Halfway through this book and the theme seems to be a religious one with Tolstoy looking at how people can determine to change their own destiny and personality.
It kicks off with Father Sergius, a story of a perfectionist who has worked his way up in the military to become an aide de camp to the Tsar and is on the brink of getting married to a woman well above his social position. But his pride is wounded when he discovers she was the emperor's mistress. He leaves and heads into a monastery and there dedicates himself to being the best he can be there. But again pride becomes his weakness and even when he becomes a hermit he still can't fight the urge for self promotion rather than God's. In the end he learns through a meeting with a poor peasant relation that the best thing to do is be as good as you can without blowing your trumpet about it.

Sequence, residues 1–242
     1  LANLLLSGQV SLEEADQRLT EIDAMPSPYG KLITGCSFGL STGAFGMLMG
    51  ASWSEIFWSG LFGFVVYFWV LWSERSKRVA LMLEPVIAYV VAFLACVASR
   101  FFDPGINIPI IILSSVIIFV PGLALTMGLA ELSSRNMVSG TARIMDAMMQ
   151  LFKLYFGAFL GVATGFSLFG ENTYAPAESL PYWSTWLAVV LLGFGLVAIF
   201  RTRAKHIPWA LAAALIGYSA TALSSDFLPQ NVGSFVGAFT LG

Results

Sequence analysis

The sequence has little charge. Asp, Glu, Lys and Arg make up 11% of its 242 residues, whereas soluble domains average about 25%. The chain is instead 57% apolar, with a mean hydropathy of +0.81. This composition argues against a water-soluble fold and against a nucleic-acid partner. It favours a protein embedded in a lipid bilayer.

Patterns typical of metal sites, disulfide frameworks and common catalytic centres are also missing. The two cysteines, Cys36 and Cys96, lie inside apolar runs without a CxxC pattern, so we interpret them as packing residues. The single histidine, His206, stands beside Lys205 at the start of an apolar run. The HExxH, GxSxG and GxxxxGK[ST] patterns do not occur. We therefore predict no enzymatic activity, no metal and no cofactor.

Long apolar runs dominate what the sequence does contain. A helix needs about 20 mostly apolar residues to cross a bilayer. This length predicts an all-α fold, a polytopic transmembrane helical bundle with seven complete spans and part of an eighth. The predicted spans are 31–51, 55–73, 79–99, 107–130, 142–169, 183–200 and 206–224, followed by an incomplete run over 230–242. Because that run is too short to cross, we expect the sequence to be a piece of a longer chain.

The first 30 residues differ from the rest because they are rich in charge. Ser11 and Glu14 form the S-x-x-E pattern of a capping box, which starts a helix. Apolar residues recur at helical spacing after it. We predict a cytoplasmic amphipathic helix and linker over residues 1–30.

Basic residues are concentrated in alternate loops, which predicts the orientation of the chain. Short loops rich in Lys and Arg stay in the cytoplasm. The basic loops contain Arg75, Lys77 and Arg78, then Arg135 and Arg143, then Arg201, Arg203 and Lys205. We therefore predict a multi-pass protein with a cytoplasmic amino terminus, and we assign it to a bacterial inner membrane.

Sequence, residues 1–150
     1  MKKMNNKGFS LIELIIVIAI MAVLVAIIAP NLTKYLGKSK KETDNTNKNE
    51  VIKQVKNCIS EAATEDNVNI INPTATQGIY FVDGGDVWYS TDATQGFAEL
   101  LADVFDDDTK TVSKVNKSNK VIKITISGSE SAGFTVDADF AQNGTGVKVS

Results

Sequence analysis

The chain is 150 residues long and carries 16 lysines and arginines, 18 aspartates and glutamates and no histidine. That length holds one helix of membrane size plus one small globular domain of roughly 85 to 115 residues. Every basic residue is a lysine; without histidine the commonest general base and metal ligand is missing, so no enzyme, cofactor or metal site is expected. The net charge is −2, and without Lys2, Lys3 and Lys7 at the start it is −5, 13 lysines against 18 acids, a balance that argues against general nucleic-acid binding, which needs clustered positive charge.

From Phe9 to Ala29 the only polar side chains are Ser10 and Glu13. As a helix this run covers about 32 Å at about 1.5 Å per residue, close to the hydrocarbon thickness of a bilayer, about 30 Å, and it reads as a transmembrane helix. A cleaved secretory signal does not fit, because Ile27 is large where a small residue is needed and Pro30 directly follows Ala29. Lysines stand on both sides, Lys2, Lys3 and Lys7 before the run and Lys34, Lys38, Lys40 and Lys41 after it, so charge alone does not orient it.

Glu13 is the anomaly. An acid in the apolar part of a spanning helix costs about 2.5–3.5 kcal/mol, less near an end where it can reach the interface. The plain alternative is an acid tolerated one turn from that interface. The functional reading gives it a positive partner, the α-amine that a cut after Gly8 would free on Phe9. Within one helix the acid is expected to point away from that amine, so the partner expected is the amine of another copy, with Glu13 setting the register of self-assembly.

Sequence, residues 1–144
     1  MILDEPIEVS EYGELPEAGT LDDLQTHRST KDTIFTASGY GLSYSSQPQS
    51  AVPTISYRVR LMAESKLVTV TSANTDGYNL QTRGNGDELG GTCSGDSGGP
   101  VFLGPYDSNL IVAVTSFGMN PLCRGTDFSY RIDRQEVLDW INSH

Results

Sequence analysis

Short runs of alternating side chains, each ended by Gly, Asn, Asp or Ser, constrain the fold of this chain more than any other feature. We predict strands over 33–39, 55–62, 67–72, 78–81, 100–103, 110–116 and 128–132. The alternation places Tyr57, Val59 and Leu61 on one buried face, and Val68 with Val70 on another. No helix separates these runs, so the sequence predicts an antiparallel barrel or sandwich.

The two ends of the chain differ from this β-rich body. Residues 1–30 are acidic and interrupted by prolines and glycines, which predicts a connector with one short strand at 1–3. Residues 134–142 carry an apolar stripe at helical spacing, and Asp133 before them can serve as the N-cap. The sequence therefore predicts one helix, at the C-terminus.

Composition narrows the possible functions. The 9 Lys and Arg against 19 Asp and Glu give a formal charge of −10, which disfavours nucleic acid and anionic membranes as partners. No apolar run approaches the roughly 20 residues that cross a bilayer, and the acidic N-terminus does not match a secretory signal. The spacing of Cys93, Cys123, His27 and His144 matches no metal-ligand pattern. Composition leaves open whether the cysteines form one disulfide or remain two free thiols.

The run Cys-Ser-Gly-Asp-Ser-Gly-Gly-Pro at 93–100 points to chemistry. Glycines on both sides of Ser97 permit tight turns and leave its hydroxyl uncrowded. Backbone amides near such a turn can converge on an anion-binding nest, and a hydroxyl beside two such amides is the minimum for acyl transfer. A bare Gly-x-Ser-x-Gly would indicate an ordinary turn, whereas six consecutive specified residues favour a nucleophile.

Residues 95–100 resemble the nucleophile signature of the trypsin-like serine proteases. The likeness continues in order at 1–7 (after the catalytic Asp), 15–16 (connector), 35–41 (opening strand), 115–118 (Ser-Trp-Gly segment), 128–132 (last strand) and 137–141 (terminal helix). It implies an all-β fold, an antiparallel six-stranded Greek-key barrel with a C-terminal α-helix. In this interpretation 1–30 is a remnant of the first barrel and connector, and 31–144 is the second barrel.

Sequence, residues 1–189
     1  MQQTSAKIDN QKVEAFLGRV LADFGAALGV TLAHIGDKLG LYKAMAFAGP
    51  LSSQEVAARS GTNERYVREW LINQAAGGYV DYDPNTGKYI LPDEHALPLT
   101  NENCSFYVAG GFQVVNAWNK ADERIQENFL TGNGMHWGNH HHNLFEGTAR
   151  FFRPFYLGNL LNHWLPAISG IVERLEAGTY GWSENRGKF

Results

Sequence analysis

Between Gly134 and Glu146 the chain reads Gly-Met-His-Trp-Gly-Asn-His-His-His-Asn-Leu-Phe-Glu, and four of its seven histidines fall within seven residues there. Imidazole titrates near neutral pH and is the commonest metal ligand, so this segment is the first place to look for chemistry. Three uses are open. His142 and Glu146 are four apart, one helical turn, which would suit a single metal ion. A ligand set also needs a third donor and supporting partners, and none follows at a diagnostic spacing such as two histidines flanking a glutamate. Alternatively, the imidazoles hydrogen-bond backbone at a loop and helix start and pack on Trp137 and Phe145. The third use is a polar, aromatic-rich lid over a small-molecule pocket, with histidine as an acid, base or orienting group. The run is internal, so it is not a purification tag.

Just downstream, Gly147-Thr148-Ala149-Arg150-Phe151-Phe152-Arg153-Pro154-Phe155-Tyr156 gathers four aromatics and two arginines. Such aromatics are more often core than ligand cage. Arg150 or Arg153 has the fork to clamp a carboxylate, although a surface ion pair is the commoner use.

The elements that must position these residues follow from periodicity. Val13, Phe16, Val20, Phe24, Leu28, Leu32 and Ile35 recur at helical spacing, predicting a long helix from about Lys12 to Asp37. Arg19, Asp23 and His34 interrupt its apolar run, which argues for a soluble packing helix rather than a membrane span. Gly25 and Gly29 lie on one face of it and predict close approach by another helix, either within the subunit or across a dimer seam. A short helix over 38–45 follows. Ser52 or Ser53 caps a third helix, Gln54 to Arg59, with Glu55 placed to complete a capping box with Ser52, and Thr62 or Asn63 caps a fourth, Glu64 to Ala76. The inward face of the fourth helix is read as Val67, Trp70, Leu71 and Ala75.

Master and Man, the title story, is a tale with a warning about greed. A rich merchant moves to seal the deal on a bit of woodland hoping to get the owner to sell at a very low price before competitors arrive and point out the real value. But as he sets off into a snow storm with his servant he is not only pushing his luck but taking on the Russian weather. Even when he gets the chance to stay at a friends and avoid the snow and biting cold his greed gets him back out there on the road. The cost of doing so is not just the ultimate one but as Tolstoy suggests one that gives him a chance to redeem himself and find a lasting spirituality.
A full review will come soon...